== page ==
Bob Menendez and Biden’s Cuba policy

By Robert Kuttner / The American Prospect

Supporters of ending the U.S.-imposed embargo on Cuba rally in front of the United Nations headquarters, October 29, 2022, in New York.

The fall of Sen. Bob Menendez (D-NJ), the now-suspended chair of the powerful Senate Foreign Relations Committee, will produce many benefits, including the likely replacement of the corrupt Menendez with progressive Congressman Andy Kim, who won the Democratic nomination for the Senate seat. But one benefit that has not gotten much notice is that Menendez’s ouster will remove a prime obstacle to normalization of relations with Cuba.

With Democrats having the narrowest of Senate majorities, Menendez, whose family emigrated from Cuba in 1953 before Fidel Castro’s revolution, has repeatedly used his power to warn Biden against any normalization. He bragged in a November 2021 interview with Telemundo that he had blocked the administration from liberalization of Cuba policy. “On the contrary,” he said, “President Biden has tightened our policy against the regime.” And in a recent documentary film called Hardliner on the Hudson, Menendez described himself as the enforcer of a policy of zero liberalization. “If you want my support, I don’t want you making any policy changes on Cuba without consulting me,” he said of Biden.

What would normalization look like? We have been here before, under President Barack Obama.

As a candidate for president, Obama courageously argued that the U.S. policy of isolating and impoverishing Cuba with an economic embargo had failed. Obama appreciated that the sanctions were not hurting the regime; they only increased suffering on the part of ordinary Cubans. They also had driven Cuba further into the arms of the Russians as their protectors and had not compelled any political or economic liberalization.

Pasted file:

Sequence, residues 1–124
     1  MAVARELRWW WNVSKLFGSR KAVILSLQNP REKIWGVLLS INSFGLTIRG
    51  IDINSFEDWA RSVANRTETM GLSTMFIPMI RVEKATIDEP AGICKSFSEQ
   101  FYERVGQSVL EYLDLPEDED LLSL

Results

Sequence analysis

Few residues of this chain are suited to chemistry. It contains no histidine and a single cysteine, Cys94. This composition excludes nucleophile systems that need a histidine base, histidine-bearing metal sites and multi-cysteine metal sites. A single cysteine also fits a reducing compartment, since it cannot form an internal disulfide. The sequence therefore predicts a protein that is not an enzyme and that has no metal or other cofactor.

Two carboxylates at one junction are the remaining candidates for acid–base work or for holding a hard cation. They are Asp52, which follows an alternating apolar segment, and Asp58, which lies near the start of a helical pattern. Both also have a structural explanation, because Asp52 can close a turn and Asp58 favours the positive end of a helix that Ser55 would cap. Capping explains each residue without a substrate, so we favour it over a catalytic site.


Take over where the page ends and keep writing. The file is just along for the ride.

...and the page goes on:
As president, Obama delivered. Just weeks into his new administration in 2009, he relaxed restrictions on remittances and travel. The Cuban government, now under Raúl Castro, reciprocated by liberalizing Cuba’s state-controlled economy.

A new private sector prospered and Cuba enjoyed a boom. The number of self-employed workers tripled between 2009 and 2013.

Then in 2014, Obama and Castro announced the restoration of full diplomatic relations including the reopening of embassies, culminating a 15-month process of secret negotiations brokered by Pope Francis. The agreement included an exchange of prisoners, including intelligence officers. Cubans were permitted to travel abroad, and commercial air service between the U.S. and Cuba was restored.

The embargo against commerce with Cuba, a policy dating to the Kennedy administration, was written into law by the Helms-Burton Act of 1996. But Obama found ways to permit increased commerce to Cuba consistent with the law. He had an ally in the farm lobby, which benefited from increased agricultural exports. Obama also ended the designation of Cuba as a state sponsor of terrorism, which had made it extremely difficult for Cuba to have normal banking relationships to finance imports and exports.